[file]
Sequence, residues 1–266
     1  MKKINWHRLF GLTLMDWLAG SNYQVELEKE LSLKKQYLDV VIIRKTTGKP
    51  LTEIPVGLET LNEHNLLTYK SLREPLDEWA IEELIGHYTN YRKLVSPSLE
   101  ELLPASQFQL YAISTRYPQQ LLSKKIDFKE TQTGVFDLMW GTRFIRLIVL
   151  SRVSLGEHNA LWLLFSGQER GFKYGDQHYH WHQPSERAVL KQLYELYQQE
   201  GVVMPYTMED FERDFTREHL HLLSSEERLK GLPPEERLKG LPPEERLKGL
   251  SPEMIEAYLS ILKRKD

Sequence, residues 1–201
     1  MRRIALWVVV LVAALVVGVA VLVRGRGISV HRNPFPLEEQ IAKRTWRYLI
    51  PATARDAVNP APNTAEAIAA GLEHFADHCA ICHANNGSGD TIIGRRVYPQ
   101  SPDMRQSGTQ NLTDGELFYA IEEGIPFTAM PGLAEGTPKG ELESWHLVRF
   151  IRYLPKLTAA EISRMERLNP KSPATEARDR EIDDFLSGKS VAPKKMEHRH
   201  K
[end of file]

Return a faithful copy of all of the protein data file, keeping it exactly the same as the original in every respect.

Sequence, residues 1–266
     1  MKKINWHRLF GLTLMDWLAG SNYQVELEKE LSLKKQYLDV VIIRKTTGKP
    51  LTEIPVGLET LNEHNLLTYK SLREPLDEWA IEELIGHYTN YRKLVSPSLE
   101  ELLPASQFQL YAISTRYPQQ LLSKKIDFKE TQTGVFDLMW GTRFIRLIVL
   151  SRVSLGEHNA LWLLFSGQER GFKYGDQHYH WHQPSERAVL KQLYELYQQE
   201  GVVMPYTMED FERDFTREHL HLLSSEERLK GLPPEERLKG LPPEERLKGL
   251  SPEMIEAYLS ILKRKD

Sequence, residues 1–201
     1  MRRIALWVVV LVAALVVGVA VLVRGRGISV HRNPFPLEEQ IAKRTWRYLI
    51  PATARDAVNP APNTAEAIAA GLEHFADHCA ICHANNGSGD TIIGRRVYPQ
   101  SPDMRQSGTQ NLTDGELFYA IEEGIPFTAM PGLAEGTPKG ELESWHLVRF
   151  IRYLPKLTAA EISRMERLNP KSPATEARDR EIDDFLSGKS VAPKKMEHRH
   201  K